The public TV show Nightly Business Report has gone through some serious changes over the past year or so–sold by the public station that had produced it for years to a somewhat mysterious private company run by an entrepreneur whose been the subject of various controversies and lawsuits. The show's been sold once again, and the new owner of public television's premier business newscast is… an investment firm called Atalaya Capital Management. And why not, really.
When the authorities are going out of their way to keep your journalistic colleagues from witnessing what they're up to, yet they reach out to give a ringside seat–what does that say about your reporting? That's the question raised by a blog post by Yves Smith (Naked Captialism, 11/16/11) that makes the case that the NYPD offered special access to journalists from the New York Times, tipping them off ahead of time to the force's secret mobilization at South Street Seaport prior to the pre-dawn November 15 raid. This New York Times photograph appears to be taken under the FDR […]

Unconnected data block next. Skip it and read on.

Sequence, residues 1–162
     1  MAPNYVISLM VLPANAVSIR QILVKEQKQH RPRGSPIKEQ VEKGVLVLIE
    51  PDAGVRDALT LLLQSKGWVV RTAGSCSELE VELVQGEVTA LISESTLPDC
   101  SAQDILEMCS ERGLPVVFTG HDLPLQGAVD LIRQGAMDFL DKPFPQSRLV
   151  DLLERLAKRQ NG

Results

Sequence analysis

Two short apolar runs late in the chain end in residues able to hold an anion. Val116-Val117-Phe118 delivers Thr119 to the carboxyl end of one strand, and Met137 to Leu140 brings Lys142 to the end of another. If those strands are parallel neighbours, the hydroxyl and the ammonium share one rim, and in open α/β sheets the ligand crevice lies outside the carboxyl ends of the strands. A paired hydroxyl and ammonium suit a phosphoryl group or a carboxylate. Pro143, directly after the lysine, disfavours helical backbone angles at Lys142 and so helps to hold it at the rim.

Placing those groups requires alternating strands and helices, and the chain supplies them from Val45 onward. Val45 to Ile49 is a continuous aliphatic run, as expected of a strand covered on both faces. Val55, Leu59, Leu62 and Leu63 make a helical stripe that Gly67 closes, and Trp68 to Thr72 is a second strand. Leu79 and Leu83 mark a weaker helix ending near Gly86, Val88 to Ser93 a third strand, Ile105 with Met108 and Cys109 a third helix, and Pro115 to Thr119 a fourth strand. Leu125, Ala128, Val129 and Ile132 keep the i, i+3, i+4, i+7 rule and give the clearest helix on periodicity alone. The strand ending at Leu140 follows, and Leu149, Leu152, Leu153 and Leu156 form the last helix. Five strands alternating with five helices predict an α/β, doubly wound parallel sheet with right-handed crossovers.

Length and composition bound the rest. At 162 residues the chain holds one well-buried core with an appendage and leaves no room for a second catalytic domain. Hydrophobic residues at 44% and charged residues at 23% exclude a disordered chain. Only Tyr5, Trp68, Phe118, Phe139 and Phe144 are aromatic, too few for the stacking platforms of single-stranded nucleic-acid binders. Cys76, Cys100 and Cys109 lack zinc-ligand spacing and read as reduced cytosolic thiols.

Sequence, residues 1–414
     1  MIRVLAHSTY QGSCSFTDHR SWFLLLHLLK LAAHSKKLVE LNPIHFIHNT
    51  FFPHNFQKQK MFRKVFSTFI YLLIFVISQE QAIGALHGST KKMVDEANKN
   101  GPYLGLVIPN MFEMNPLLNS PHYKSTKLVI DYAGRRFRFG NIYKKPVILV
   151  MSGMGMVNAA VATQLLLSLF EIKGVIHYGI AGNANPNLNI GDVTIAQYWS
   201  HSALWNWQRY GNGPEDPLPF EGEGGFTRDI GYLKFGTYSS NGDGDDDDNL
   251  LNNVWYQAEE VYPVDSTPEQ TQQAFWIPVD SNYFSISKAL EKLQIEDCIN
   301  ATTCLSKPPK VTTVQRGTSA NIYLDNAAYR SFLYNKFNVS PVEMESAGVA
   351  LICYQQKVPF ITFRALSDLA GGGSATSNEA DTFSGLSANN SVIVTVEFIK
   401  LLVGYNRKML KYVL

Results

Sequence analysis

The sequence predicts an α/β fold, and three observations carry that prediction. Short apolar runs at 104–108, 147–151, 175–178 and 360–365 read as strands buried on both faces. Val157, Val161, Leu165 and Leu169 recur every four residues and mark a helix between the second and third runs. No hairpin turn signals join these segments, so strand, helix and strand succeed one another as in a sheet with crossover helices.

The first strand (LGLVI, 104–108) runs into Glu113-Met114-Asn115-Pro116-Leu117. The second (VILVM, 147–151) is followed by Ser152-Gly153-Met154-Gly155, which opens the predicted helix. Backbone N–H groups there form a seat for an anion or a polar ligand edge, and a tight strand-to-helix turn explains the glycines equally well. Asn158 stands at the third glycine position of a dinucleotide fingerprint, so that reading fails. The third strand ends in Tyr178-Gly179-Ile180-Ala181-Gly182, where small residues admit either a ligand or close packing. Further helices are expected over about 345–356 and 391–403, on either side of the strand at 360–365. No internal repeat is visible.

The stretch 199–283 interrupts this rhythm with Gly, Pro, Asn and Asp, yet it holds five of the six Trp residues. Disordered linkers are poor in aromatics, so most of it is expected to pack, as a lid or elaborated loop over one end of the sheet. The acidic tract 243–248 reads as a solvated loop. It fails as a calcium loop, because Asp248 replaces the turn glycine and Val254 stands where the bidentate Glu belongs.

Paul Krugman argues in the New York Times today (11/18/11) that the failure of the Congressional supercommittee might be a good thing, and that public understanding of what's really happening is hampered by a familiar media problem. He also makes a pretty safe bet about what coverage is going to look like if they fail to reach a deal: So the supercommittee brought together legislators who disagree completely both about how the world works and about the proper role of government. Why did anyone think this would work? Well, maybe the idea was that the parties would compromise out of […]